The castings are predicted to be sound for both configurations. Figure 4 is an X-ray comparison of macroporosity or feeding predictions. Clear areas are predicted to be sound, while the feed pipe is defined by the shaded areas.

The 3 x 6-in. direct-pouring unit is predicted to have a feed safety margin of 25.6%, while the 3 x 6 in.-thick exothermic has a predicted feed safety margin of 12.5%. Therefore, the modified casting has an 13.1% additional safety margin.



Castings were produced using both of the above configurations, and some differences in appearance were noted. Occasionally, castings produced with the original gating system had small inclusions at the extreme ends of the castings. Also, cold metal lapping is a frequent defect.

Due to the limited number of castings produced and the effective conventional gating design, a large difference in the inclusion levels in the castings was not established. However, it is anticipated that casting quality is improved in terms of fewer small inclusions and better surface finish due to improved filling for the modified castings.

Feeding Comparison

Risers from each configuration were sectioned to determine the actual feeding results. The modified process has more feed safety margin than the conventional process. In addition, computer results using accurate metal, molding material and feeding system thermophysical data accurately predicted actual feed safety margin results.

When comparing the predicted feed safety margin and the actual sectioned feeder for the 3 x 6-in. thick exothermic riser used in the conventional gating system, the computer predicted 12.5%, while the actual feed safety margin was 15%. This is excellent agreement and verifies that the computer program and the database for metal, molding material and feeding systems is accurate. The accuracy is especially important because the feeding system data is for a complex, exothermic sleeve.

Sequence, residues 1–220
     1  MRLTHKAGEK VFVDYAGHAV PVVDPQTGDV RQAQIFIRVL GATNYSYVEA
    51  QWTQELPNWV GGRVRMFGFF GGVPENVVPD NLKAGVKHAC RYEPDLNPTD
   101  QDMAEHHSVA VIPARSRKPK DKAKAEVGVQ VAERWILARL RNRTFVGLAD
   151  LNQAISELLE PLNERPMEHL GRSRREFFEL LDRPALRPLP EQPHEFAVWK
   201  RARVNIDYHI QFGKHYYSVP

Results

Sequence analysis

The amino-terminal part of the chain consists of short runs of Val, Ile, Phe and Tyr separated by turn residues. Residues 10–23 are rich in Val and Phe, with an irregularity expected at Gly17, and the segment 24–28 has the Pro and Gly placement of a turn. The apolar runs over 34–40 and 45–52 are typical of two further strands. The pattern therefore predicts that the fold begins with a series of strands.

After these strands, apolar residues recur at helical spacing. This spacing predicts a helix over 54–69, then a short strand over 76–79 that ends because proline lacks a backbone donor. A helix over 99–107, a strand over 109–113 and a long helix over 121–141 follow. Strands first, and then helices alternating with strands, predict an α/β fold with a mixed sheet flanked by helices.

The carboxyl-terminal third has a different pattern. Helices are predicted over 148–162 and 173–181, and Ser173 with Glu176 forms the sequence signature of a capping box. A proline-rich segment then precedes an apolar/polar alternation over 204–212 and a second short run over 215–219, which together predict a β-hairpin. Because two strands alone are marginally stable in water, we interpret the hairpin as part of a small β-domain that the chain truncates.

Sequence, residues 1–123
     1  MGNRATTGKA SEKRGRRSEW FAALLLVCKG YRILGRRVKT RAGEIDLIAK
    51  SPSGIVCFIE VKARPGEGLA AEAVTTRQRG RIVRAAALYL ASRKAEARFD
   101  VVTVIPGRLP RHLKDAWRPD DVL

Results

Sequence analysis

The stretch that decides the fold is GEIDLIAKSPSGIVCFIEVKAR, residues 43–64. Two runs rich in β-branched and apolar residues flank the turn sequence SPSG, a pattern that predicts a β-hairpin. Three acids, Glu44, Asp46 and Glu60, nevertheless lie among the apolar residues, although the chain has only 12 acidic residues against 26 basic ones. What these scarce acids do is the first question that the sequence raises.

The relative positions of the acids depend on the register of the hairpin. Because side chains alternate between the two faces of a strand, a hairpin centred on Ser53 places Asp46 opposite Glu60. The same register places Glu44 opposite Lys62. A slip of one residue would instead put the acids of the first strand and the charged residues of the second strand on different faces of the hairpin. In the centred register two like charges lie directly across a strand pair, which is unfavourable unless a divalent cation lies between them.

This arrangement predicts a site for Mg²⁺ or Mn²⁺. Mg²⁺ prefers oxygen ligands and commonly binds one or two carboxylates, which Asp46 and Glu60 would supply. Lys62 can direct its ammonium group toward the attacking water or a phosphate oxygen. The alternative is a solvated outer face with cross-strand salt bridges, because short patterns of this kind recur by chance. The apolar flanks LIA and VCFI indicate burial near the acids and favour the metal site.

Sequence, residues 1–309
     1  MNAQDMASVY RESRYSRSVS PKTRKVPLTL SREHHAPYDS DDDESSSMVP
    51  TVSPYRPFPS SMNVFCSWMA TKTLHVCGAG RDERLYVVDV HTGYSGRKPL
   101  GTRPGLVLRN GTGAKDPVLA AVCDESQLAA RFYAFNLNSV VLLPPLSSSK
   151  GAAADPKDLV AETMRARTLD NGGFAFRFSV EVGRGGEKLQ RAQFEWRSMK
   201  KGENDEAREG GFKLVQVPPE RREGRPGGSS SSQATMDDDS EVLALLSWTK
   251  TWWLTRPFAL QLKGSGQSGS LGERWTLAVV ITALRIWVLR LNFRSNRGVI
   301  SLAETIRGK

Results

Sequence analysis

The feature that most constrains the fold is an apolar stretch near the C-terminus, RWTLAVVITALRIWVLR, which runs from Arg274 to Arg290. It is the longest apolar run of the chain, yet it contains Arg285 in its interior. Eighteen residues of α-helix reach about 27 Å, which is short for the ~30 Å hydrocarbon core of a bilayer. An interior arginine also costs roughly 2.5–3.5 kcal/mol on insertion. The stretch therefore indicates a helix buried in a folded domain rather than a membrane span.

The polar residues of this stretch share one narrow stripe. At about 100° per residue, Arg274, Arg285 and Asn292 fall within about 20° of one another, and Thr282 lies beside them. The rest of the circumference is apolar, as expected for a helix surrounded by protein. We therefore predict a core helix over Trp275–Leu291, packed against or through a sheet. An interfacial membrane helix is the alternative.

Table 1. Comparison of Gating Method Production for a 5000-lb Ladle

Approximate 5000 lb ladle Existing Practice Direct

Number of casting molds in heat 58 73
Number of castings in heat 116 146
Shipped weight of single casting 20.05 lb 20.05 lb
Total shipped weight of castings 2326 lb 2927 lb
Weight of metal in riser and base 28.85 lb 31.10 lb
Weight of gate 20.30 lb 0 lb
Pour weight of mold 89.25 lb 71.20 lb
Ladle heat weight 5037 lb 5022 lb
Charge weight (H/0.94[at]6.0% loss) 5358 lb 5343 lb

Figure 5 is a comparison of the predicted feed safety margin and the actual sectioned feeder for the modified pour unit. The computer predicted 25.6%, while the actual feed safety margin was 26.3%. Again, this is excellent agreement.

Finally, comparisons between the two sectioned feeders shows that the modified casting has 11.3% more feed safety margin than the conventionally risered configuration.


The modified system appears to provide significant process and yield advantages for this casting, and other castings with similar configurations. Table 1 shows the basic differences between the two methods. Assuming a 5000-lb ladle and a full heat devoted to this casting, the 116 castings could be produced using the conventional method (58 molds) and 146 using the modified process (73 molds). The total shipped weight of castings would improve from 2326 lb to 2927 lb. Casting melt productivity could be improved approximately 26% by converting to this method. This means that if eight furnace heats are required for a particular order of this casting with the conventional gating system, only six are required to produce the exact same number of castings using the modified method.

Also, a sand and time savings of approximately 40% is projected. Elimination of the conventional gating system should allow for a reduction in sand-to-metal ratio, and, possibly, the ability to increase the number of castings per mold from two to four.

Finally, the cleaning room should experience a large reduction in upgrade hours with the modified casting. Castings made using this method will have reduced mold, ladle and reoxidation inclusions. Additional savings will be realized through the elimination of the gate contacts.

This article was adapted from a paper (99-144) presented at the 1999 AFS Casting Congress and is available from the AFS Library at 800/537-4237.
COPYRIGHT 1999 American Foundry Society, Inc.
No portion of this article can be reproduced without the express written permission from the copyright holder.
Copyright 1999, Gale Group. All rights reserved. Gale Group is a Thomson Corporation Company.

Article Details
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Author:Outten, John F.
Publication:Modern Casting
Article Type:Cover Story
Geographic Code:1USA
Date:May 1, 1999
Previous Article:Simulation software in action: five users share their experiences.
Next Article:1999 casting simulation software survey.